One Friday night, seventeen years ago, I left my job as a technical author with a software company in Cambridge, England. On Monday morning, I was in a hotel in Nairobi, Kenya, knowing nobody, with no access to house, schools and a four-year-old and a one-year-old in my sole charge. We had just waved good-bye to Mummy as she left with her new briefcase for her new career. Then the emotional limpets turned on me and have not let me go to this day, seventeen years later, although their grip is starting to lessen and it is time to move on.
When I took on the mantle of a nurturing, supportive home-maker, I generally preferred the company of women. I assumed in a warm, fuzzy, and uncritical way that women were, with a few exceptions, essentially far nicer, more complete creatures than men. This was an assumption that the female members of my family had long maintained was not true.
Unprepared for any social difficulties and prejudices in my new life, I was propelled into a world of mothers. It was a difficult lesson to learn, as I had assumed, with my credible belief in feminism, that women, en masse, would welcome what I was doing and who I was. After all, weren’t women supposed to be more expressive and in touch with their feelings? Didn’t they like expressive men? Wouldn’t they be pleased that my wife had the opportunity to have a career?
I was ripe for enlightenment.
Even today, having set up homes on three continents, deeply submerged myself in the lives of our two children, supported my wife’s career, cooked countless meals, ironed thousands of blouses, and been the constant domestic center of our family, I still encounter prejudice from both women and men.
There are many reasons for this.
Overall, being a man in a world of children and mothers challenges the existing social order. Some women do not trust their husbands (let alone other men help) to bring up their own children. Husbands do not trust their wives enough to allow them friendships with at-home-dads.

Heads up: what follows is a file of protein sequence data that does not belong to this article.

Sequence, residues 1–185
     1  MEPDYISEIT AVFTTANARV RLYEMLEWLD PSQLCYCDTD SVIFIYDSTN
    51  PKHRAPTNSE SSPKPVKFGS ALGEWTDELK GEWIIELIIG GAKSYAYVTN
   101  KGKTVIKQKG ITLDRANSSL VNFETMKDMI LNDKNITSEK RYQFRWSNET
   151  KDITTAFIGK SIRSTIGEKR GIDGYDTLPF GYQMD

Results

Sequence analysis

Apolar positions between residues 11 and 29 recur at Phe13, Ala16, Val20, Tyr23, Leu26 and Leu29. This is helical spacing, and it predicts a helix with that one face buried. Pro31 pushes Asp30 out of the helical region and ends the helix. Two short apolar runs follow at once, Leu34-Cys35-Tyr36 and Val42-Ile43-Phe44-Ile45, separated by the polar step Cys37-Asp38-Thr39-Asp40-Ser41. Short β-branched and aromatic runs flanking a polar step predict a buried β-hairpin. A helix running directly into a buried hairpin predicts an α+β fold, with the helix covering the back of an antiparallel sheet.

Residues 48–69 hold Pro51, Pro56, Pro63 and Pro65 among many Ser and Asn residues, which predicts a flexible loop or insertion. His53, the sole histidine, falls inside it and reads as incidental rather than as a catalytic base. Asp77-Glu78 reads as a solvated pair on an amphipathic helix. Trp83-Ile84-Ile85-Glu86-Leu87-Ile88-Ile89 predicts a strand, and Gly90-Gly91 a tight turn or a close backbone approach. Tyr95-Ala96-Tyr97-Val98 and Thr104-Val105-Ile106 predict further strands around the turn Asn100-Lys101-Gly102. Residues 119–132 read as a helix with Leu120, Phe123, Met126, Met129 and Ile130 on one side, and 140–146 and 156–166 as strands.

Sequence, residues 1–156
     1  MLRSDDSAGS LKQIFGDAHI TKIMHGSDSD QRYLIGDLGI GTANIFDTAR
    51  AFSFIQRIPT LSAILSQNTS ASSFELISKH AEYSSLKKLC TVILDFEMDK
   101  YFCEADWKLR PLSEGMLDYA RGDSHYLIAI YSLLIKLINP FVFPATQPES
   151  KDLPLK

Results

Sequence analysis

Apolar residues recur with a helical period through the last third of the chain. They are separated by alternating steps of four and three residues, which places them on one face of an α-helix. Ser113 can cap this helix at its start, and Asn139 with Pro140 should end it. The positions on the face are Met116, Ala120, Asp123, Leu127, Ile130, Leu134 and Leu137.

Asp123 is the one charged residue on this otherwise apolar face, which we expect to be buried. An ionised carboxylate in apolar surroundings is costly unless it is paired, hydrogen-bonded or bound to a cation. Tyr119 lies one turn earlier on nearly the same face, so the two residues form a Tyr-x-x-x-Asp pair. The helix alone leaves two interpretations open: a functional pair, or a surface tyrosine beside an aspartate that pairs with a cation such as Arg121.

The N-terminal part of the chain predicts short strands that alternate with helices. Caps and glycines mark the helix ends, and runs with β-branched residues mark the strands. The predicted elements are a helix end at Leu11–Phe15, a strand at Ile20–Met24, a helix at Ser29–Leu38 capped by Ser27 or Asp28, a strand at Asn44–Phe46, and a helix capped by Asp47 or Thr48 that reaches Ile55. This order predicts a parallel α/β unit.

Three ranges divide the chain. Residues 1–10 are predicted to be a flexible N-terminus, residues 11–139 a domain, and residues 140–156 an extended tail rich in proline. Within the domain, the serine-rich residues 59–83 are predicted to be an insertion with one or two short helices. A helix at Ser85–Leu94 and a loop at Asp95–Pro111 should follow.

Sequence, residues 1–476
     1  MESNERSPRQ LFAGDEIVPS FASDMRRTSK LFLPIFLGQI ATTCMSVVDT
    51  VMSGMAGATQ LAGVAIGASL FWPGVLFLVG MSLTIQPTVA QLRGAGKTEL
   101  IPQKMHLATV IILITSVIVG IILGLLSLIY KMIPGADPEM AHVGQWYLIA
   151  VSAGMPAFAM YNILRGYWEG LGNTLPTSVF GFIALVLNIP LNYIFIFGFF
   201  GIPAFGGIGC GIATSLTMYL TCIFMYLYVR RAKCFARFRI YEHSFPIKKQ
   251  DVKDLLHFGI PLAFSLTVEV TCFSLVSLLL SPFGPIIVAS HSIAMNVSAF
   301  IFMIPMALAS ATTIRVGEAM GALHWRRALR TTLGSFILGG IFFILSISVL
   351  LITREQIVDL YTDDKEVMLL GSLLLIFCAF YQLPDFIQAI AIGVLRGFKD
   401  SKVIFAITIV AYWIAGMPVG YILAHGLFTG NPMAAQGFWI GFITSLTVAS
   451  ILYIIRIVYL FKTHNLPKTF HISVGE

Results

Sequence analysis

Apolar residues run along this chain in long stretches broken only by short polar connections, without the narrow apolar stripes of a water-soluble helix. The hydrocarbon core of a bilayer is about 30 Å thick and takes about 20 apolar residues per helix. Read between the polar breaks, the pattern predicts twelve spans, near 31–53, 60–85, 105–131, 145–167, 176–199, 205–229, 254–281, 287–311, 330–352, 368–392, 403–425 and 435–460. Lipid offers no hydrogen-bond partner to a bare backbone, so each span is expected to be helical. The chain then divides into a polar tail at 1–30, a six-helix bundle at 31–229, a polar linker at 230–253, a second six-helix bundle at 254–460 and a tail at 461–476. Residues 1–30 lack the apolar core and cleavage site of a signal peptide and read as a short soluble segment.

Female prejudice first.
I was standing alone outside the school gates in Nairobi trying to look encouraging, non-threatening, and asexual — difficult with a beard — desperate to escape from loneliness and isolation. As new arrivals, my boys needed access to playmates. After a time, a short mother detached herself from a group of women and came towards me. She looked me up and down and said in her regional English accent: “my Brian’s not afraid of a hard day’s work,” turned on her heels, rejoined the perfumed pride, leaving me utterly speechless.
As I distanced myself from the deeply hurtful woman, I came to realize that her outburst raised far more questions about her and her sense of self-worth than it did about me. Did she think her own life was that worthless? Did she really imagine that what she did — raising her children, running her household — had no value? But then the career of a homemaker is, like teaching and nursing, undervalued by society. It is easy for those of us who undertake the rearing of our children to underestimate our own worth and contribution.
I was different, certainly. Unlike the woman’s manly husband who spent his life training Kenyans to kill other Africans, I was involved in nurturing and loving two little people instead. Somehow this made me less of a man in her eyes. To her I was not the gentle, pleasant, and benevolent kind of guy I thought I was, but a nasty threat and probably a pervert as well.
Not all mothers have been that bovine or vituperative. They have either overcome their own prejudices, or simply been blessed with generous natures that have allowed them to have confidence in me. Two became staunch friends and long-term allies. Others have been quietly loyal, supportive, and helpful.
Male prejudices are present too, from the slight bristle, suspicion, and defensiveness evident in less secure men (usually of the jock persuasion), to out-and-out jealousy that drove a friendship underground.
A female acquaintance of mine was ordered to stop her friendship with an at-home-dad. The husband was between jobs and discovered his wife had a life of her own and a supportive friendship with this man. Yet, this was a person who traveled with female colleagues, stayed in the same hotels as them, swam with them in the pool, and enjoyed late dinners and business receptions together.
‘But that is work,’ the man apparently protested.
‘And what at-home-dads and moms do isn’t work?’ I wanted to say.